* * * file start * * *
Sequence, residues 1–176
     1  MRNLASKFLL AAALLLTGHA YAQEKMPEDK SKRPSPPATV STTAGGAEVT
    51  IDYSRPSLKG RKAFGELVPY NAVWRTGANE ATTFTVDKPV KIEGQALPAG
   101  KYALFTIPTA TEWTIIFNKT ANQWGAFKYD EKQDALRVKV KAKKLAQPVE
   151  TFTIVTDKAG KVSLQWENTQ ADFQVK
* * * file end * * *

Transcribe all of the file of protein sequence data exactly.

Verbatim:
Sequence, residues 1–176
     1  MRNLASKFLL AAALLLTGHA YAQEKMPEDK SKRPSPPATV STTAGGAEVT
    51  IDYSRPSLKG RKAFGELVPY NAVWRTGANE ATTFTVDKPV KIEGQALPAG
   101  KYALFTIPTA TEWTIIFNKT ANQWGAFKYD EKQDALRVKV KAKKLAQPVE
   151  TFTIVTDKAG KVSLQWENTQ ADFQVK